Application of Nanomaterials in BioengineeringView this Special Issue
Research Article | Open Access
Tomas Horazdovsky, Radka Vrbova, "Tribomechanical Properties of a Carbon-Based Nanolayer Prepared by Nitrogen Ion Beam Assisted Deposition for Finger Joint Replacements", Journal of Nanomaterials, vol. 2018, Article ID 3749309, 9 pages, 2018. https://doi.org/10.1155/2018/3749309
Tribomechanical Properties of a Carbon-Based Nanolayer Prepared by Nitrogen Ion Beam Assisted Deposition for Finger Joint Replacements
This paper presents the tribomechanical test results of Ti6Al4V alloy modified by carbon-based nanolayers with a thickness of 20 nm and 40 nm, prepared by nitrogen ion beam assisted deposition. The presence of carbon and nitrogen compounds was observed in the modified surface after ion bombardment. Nonstoichiometric TiNx was mainly detected near the interface nanolayer/titanium substrate and in the substrate itself. Ion bombardment led to an improved surface hardness of ~13 GPa in comparison to unmodified Ti6Al4V titanium alloy (~5.5 GPa) and alloy coated by carbon nanolayer without nitrogen ion assistance (~7 GPa). The decreasing of friction coefficient was achieved from 0.5–0.6 for untreated Ti6Al4V alloy to 0.1 for treated Ti6Al4V alloy. Wear testing using a joint wear simulator proved that the modified Ti6Al4V alloy has a higher resistance compared to the unmodified Ti6Al4V alloy. The primary local wear fault of the treated surface was observed after 240,000 cycles in comparison to enormous wear on the untreated surface after just 10,000 cycles. Treating the Ti6Al4V load-bearing components of implants with carbon-based nanolayers assisted by nitrogen ions is very promising in terms of extending the lifetime of implants and thereby reduces patient burden.
Titanium (Ti) and its alloys are currently the most attractive materials for biomedical applications due to their beneficial biological compatibility and good mechanical properties. They are used mainly for joint replacements such as knee, hip, shoulder, elbow, wrist, and spine or as dental implant materials.
The Ti6Al4V alloy is the most commonly used material in current implantology. It is characterized by good biocompatibility, high tensile strength and corrosion resistance, and relatively low Young’s modulus (~110 GPa) compared with currently used surgical metals . Nevertheless, it has a high stiffness compared to human cortical bone (~20 GPa) [2, 3] which can cause stress shielding effect [4, 5]. Alloying elements, such as Al and V, are considered nonbeneficial to the human organism [6, 7]. For these reasons, more favourable titanium alloys (e.g., based on Nb, Ta, Zr, and Cr) with lower Young’s modulus have been developed and optimized [8–10]. Another problem with commonly used Ti6Al4V alloy is its relatively high coefficient of friction [1, 11]. This relates to the lower wear resistance, which may result in debris release. The released ions can activate the immune system , induce a local inflammatory reaction, or damage the bone structure, which in turn leads to long-term health problems or aseptic implant loosening [13–15].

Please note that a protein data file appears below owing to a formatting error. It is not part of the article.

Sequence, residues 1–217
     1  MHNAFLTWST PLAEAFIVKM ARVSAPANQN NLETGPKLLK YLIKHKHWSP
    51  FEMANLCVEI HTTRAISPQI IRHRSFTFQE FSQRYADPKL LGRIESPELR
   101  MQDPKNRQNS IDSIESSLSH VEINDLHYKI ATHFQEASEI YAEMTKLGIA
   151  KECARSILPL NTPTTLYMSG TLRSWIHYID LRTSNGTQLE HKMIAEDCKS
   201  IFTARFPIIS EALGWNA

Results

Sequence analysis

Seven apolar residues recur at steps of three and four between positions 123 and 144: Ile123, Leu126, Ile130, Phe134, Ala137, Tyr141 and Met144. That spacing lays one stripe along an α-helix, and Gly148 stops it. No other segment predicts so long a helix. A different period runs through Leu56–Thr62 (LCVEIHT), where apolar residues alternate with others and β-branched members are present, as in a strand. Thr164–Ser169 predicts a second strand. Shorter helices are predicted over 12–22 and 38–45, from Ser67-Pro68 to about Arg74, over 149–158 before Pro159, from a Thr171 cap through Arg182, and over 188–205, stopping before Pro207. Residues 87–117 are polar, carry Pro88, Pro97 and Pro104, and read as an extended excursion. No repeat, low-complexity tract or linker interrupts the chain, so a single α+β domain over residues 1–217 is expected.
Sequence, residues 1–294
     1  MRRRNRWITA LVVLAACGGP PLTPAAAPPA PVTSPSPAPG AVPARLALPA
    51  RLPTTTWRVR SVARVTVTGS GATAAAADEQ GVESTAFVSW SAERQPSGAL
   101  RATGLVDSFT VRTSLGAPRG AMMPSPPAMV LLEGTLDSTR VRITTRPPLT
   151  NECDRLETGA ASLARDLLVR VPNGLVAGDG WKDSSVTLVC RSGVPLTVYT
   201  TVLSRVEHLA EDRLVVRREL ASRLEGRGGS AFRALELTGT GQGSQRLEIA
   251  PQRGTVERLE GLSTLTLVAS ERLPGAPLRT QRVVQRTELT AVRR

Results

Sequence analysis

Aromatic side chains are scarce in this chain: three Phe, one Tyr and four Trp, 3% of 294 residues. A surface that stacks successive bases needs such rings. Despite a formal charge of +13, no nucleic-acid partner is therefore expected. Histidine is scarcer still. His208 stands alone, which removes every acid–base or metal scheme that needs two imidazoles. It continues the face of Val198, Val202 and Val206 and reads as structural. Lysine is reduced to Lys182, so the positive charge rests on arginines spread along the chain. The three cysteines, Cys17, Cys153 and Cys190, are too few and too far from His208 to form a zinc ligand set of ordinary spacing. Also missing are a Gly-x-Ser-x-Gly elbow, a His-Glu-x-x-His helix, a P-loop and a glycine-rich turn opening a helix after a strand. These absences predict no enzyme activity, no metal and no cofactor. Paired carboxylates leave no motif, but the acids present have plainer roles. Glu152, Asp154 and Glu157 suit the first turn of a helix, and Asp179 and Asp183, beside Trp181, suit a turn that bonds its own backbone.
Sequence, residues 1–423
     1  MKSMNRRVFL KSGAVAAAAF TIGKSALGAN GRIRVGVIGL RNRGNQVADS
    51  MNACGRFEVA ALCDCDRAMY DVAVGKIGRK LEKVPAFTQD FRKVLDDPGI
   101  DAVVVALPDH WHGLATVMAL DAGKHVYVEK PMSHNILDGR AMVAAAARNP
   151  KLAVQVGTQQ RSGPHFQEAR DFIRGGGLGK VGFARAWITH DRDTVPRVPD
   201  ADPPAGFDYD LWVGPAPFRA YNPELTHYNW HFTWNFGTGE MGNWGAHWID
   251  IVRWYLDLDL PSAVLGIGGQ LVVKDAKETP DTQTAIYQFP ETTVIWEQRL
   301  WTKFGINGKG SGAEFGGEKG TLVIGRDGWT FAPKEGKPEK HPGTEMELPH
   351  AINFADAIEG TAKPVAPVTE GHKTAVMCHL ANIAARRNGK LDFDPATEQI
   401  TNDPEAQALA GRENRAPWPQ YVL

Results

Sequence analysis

The longevity of the implant in the human body is influenced by the factors mentioned above. However, the tribological properties and surface hardness play the greatest role, especially in big load-bearing joint replacements. Surface treatment, such as nitriding, carburizing, and oxidation, can improve the wear resistance of Ti materials by forming a hard surface layer [16, 17]. Ti materials coated by a carbon-based nanolayer are very promising for joint’s replacements. These nanolayers are characterized as being biocompatible with excellent low friction properties, high hardness, and good wear resistance in comparison with Ti substrate. Many techniques are used for their deposition, such as chemical vapour deposition (CVD), plasma-enhanced chemical vapour deposition (PECVD), filtered cathode vacuum arc (FCVA), ion beam assisted deposition (IBAD) [18–23], and pulsed laser deposition (PLD) [24–26]. The adhesion of the carbon nanolayer onto the substrate, its microstructure, chemical composition, surface hardness, friction, and internal stress distribution can be improved by the optimization of the deposition conditions and ion bombardment during surface treatment [22, 27–31]. Nitrogen ion assistance leads to atomic mixing on the coating/substrate interface and to the formation of TiNx compounds in the modified zone. Newly formed compounds harden the substrate and significantly participate in the tribomechanical property enhancement of the coated material [32, 33].
In this respect, the development of surface modifications aimed at the carbon-based materials bombarded with nitrogen ions is very promising for load-bearing applications. The role of this modifications for real applications needs to be examined in more detail.
The purpose of this work is to characterize and test the Ti6Al4V alloy modified by ion beam assisted deposition of carbon-based nanolayer for finger joint replacements. This system is designed to improve the sliding properties of titanium alloy without risk of delamination known in thick diamond like carbon (DLC) coatings.
2. Materials and Methods
2.1. Specimens Preparation
The Ti6Al4V alloy containing α + β phase was used as a base material for the preparation of test specimens. The chemical composition of this alloy is shown in Table 1. Specimens in the form of a cylinder (20 mm in diameter and 8 mm in height) were cut from the titanium bar. The surface of each specimen was ground by a series of abrasive papers with grit of 150, 320, 500, 800, 1000, and 2000 and polished with diamond paste of 5 μm and 1 μm into the mirror like gloss ( = 0.02 μm) using a Leco machine. The substrates were ultrasonically cleaned in isopropyl alcohol for 20 minutes before the deposition process.